Intraocular silicone oil (SO) to treat complicated retinal Received: February 29, 2016 Accepted: March 21, 2016 Corresponding Author: Alireza Ramezani, MD. Ophthalmic Epidemiology Research Center, No. 23, Boostan 9 St., Pasdaran Ave., Tehran 16666, Iran. Tel: 98-21-22585952, Fax: 98-21-22562138, E-mail: [email protected]
detachment (RD) was first introduced in 1962 . In the early 1970s, several investigators used SO in cases with proliferative retinopathy (PVR) [2-7]; since then, it has been applied frequently as an internal tamponade for complex cases. This approach can also be used for surgical management of proliferative diabetic retinopathy (PDR);
© 2017 The Korean Ophthalmological Society
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Korean J Ophthalmol Vol.31, No.3, 2017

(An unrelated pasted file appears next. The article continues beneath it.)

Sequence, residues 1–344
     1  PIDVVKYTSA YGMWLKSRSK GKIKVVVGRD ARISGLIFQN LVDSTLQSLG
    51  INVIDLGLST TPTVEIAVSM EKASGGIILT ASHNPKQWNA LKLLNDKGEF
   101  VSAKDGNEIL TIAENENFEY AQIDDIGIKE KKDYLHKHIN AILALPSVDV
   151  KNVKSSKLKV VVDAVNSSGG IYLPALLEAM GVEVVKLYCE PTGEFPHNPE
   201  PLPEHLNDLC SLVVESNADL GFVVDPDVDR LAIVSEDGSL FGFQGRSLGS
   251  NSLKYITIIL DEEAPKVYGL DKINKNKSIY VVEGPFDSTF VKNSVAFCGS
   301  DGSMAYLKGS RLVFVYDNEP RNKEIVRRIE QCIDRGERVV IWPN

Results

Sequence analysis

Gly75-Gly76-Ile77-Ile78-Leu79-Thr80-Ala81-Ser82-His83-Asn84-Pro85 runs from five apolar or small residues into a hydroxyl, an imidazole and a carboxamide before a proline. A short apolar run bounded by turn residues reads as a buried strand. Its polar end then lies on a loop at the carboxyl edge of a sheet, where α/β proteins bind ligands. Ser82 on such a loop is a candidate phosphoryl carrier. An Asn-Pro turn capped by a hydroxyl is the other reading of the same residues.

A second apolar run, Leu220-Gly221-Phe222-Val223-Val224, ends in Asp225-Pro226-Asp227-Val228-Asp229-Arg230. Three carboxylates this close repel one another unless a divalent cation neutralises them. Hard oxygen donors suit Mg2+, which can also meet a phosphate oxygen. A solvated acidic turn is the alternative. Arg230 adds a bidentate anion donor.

however, some authors have reported that SO has questionable benefits , while others have advocated its use to promote retinal stabilization and iris neovascularization regression [9,10]. It has also been reported to be helpful for maintaining postoperative clear media  and more rapid visual rehabilitation [9,11]. It has been demonstrated that the anatomical success of vitrectomy and SO injection in cases with PDR is similar to cases with PVR (70% and 67%, respectively); however, visual results were quite different. Compared to eyes with PVR, a significantly larger group of patients with PDR failed to recover final visual acuity of 5 / 200 or better and did not achieve light perception . Additionally, SO is associated with significant complications such as cataract, band keratopathy, corneal decompensation, ocular hypotony, and recurrent RD resulting from reproliferation. Therefore, the role of SO in the management of severe PDR is less clear than its role in PVR. In this study, we evaluated the visual and anatomical outcomes of vitrectomy plus SO injection in eyes with advanced PDR. We also assessed factors that affect outcomes. This retrospective study provided information about indications for SO injections, type of SO used, time of its removal, and the rate of complications in our centers.